Given all that, you might expect that the Prescribing Task Force’s focus would be on improving the medical board’s oversight of its own members. Instead, I listened to hour after hour of experts proposing new restrictions on patients. The suggestions ranged from requiring patients to sign a contract with their physician prior to receiving prescription opioids to forcing all patients to submit to pill counts and random urine tests. Such measures would be tantamount to treating patients like criminals!
There were more sensible proposals calling for greater patient education, but overall, I was dismayed by the lack of clear-headed perspective on the issues involved. For example, one expert pontificated at length about the evils of opioid abuse without once mentioning the role of alcohol in many painkiller overdose cases. When I asked him about it, he replied that he would touch on that point at the end of his presentation, suggesting that he considered alcohol a trivial footnote rather than a significant contributing factor in many overdose deaths.
PUTTING PATIENTS LAST?
As a nurse and as one of the estimated 100 million Americans living with some degree of chronic pain, I am well aware of both the power and the dangers of opioid painkillers. There’s no argument that opioids carry a high potential for abuse and can kill if misused.
However, I’ve also witnessed the consequences of overzealous protocols that prevent patients from getting needed medication. If you suffer chronic pain, draconian limits on how much painkiller you’re allowed do not protect you; they just reduce your ability to function and increase the chances that you’ll find some other way to self-medicate — possibly with lethal consequences.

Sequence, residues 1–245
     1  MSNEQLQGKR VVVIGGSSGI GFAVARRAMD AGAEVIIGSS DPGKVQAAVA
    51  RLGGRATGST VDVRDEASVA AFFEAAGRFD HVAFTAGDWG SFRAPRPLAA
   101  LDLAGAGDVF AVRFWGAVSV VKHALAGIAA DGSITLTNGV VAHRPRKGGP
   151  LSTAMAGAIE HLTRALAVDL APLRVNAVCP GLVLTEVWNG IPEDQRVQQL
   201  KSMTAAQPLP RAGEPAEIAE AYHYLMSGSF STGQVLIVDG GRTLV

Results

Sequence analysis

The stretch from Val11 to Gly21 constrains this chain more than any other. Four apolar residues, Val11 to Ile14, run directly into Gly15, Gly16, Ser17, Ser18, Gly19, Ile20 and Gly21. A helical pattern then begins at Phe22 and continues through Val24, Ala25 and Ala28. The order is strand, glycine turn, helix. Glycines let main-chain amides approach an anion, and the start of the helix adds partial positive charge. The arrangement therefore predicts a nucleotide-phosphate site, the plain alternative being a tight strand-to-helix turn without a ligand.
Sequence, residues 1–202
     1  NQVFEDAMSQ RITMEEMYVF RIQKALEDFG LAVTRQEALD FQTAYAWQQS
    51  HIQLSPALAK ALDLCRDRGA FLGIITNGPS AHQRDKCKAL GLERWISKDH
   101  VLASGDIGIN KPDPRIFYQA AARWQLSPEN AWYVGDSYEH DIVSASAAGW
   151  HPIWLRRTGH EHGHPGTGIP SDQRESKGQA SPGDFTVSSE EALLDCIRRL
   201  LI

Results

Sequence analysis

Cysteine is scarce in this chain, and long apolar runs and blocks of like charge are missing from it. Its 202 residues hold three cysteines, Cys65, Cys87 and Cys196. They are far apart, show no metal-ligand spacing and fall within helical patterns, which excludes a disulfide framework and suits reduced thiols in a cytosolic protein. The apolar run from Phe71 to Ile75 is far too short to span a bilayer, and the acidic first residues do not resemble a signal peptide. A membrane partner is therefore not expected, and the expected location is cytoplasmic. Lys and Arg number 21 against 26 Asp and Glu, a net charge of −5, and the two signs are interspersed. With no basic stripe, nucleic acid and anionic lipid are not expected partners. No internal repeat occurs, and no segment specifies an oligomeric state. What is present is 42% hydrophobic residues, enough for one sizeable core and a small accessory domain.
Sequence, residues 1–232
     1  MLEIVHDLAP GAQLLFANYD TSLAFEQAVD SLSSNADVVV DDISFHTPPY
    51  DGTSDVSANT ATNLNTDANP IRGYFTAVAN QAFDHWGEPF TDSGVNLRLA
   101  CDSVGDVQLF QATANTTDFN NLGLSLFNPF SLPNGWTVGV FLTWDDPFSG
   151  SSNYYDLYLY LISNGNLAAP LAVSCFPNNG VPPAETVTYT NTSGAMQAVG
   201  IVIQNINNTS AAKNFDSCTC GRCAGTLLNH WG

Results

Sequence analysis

Tools like pill counting or contracts may be appropriate in certain cases, but imposing such restrictions on all patients would only have a chilling effect on the provider-patient relationship. If our approach to patients defaults to suspicion and mistrust, we only discourage our patients from communicating openly with us about issues like abuse and addiction.
So, what should be done? A better solution would include all of the following:
- Improved education for patients about the dangers and proper use of opioids, including the risk of adverse interactions with alcohol or other drugs.
- Better educating physicians and their healthcare teams about the signs of opioid abuse, including how to recognize potential risk factors like addictive personalities.
- Fully implementing a real-time prescription drug monitoring program that can flag suspected prescription shoppers and physicians who may be recklessly prescribing opioids or running “pill mills.” California’s CURES (Controlled Substance Utilization Review and Evaluation System) could be but currently isn’t used for that purpose due to a lack of resources and interest.
- More effective sanctions for doctors whose prescription history suggests a pattern of reckless or inappropriate prescribing.
- Finding and funding alternative treatments for chronic pain and conditions that cause it. If you remove the source of the pain, you also remove the need to treat it with opioids.
Obviously, many of these are long-term solutions. In the short term, it’s important that nurses get involved in the debate. The Prescribing Task Force’s next meeting is in May. (See www.mbc.ca.gov for a schedule.) The meetings are open to the public and I urge readers to attend and participate.
This is an issue that directly affects many of us, our loved ones and our patients. We should not sit idly by while the medical community devises quick-fix solutions that may ultimately do more harm than good.
Genevieve Clavreul’s earlier article on this topic, “The Great Opioid Debate of 2012,” was published in WN127, Sept. 3, 2012.
Scott Glover and Lisa Girion, “Dying for Relief: A Times Investigation,” Los Angeles Times:
CDC, “Drug Overdose in the United States: Fact Sheet,” last updated 10 February 2014. The fact sheet says 60 percent of 2010 overdose deaths were pharmaceuticals, of which 75 percent involved opioids and 30 percent involved benzodiazepines.
Physicians for Responsible Opioid Prescribing, “Cautious, Evidence-Based Opioid Prescribing.”
The American Academy of Pain Management, cites 100 million chronic pain sufferers in America, per Institute of Medicine Report, “Relieving Pain in America.”
Transforming Prevention, Care, Education and Research (Washington, D.C.: The National Academies Press, 2011.